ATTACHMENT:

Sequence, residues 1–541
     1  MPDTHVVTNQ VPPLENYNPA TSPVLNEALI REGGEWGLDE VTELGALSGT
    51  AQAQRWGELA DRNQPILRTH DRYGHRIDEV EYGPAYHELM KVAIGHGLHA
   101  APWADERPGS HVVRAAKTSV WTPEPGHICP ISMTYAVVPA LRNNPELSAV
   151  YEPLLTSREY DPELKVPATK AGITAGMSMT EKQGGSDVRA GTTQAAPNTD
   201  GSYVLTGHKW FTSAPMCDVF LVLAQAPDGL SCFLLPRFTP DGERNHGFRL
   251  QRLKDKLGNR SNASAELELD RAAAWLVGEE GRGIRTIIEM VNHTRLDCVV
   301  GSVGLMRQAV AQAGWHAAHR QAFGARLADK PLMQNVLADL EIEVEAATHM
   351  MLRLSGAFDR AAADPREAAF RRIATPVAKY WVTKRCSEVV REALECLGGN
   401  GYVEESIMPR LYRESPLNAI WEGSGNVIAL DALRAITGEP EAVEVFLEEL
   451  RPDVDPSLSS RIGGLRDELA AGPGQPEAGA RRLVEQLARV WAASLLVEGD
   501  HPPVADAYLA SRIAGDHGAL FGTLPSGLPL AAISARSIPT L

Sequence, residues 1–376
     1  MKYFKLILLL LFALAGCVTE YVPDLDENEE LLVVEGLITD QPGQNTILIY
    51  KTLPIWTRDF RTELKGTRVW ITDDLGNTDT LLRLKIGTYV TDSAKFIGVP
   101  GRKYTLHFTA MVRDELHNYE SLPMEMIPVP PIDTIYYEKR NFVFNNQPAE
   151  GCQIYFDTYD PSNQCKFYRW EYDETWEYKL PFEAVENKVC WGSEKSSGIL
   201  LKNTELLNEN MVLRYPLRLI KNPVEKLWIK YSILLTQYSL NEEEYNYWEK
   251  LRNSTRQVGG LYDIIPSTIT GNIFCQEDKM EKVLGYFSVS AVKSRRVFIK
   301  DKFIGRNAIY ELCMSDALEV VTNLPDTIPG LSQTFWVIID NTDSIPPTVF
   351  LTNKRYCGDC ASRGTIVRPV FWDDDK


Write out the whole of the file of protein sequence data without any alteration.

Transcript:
Sequence, residues 1–541
     1  MPDTHVVTNQ VPPLENYNPA TSPVLNEALI REGGEWGLDE VTELGALSGT
    51  AQAQRWGELA DRNQPILRTH DRYGHRIDEV EYGPAYHELM KVAIGHGLHA
   101  APWADERPGS HVVRAAKTSV WTPEPGHICP ISMTYAVVPA LRNNPELSAV
   151  YEPLLTSREY DPELKVPATK AGITAGMSMT EKQGGSDVRA GTTQAAPNTD
   201  GSYVLTGHKW FTSAPMCDVF LVLAQAPDGL SCFLLPRFTP DGERNHGFRL
   251  QRLKDKLGNR SNASAELELD RAAAWLVGEE GRGIRTIIEM VNHTRLDCVV
   301  GSVGLMRQAV AQAGWHAAHR QAFGARLADK PLMQNVLADL EIEVEAATHM
   351  MLRLSGAFDR AAADPREAAF RRIATPVAKY WVTKRCSEVV REALECLGGN
   401  GYVEESIMPR LYRESPLNAI WEGSGNVIAL DALRAITGEP EAVEVFLEEL
   451  RPDVDPSLSS RIGGLRDELA AGPGQPEAGA RRLVEQLARV WAASLLVEGD
   501  HPPVADAYLA SRIAGDHGAL FGTLPSGLPL AAISARSIPT L

Sequence, residues 1–376
     1  MKYFKLILLL LFALAGCVTE YVPDLDENEE LLVVEGLITD QPGQNTILIY
    51  KTLPIWTRDF RTELKGTRVW ITDDLGNTDT LLRLKIGTYV TDSAKFIGVP
   101  GRKYTLHFTA MVRDELHNYE SLPMEMIPVP PIDTIYYEKR NFVFNNQPAE
   151  GCQIYFDTYD PSNQCKFYRW EYDETWEYKL PFEAVENKVC WGSEKSSGIL
   201  LKNTELLNEN MVLRYPLRLI KNPVEKLWIK YSILLTQYSL NEEEYNYWEK
   251  LRNSTRQVGG LYDIIPSTIT GNIFCQEDKM EKVLGYFSVS AVKSRRVFIK
   301  DKFIGRNAIY ELCMSDALEV VTNLPDTIPG LSQTFWVIID NTDSIPPTVF
   351  LTNKRYCGDC ASRGTIVRPV FWDDDK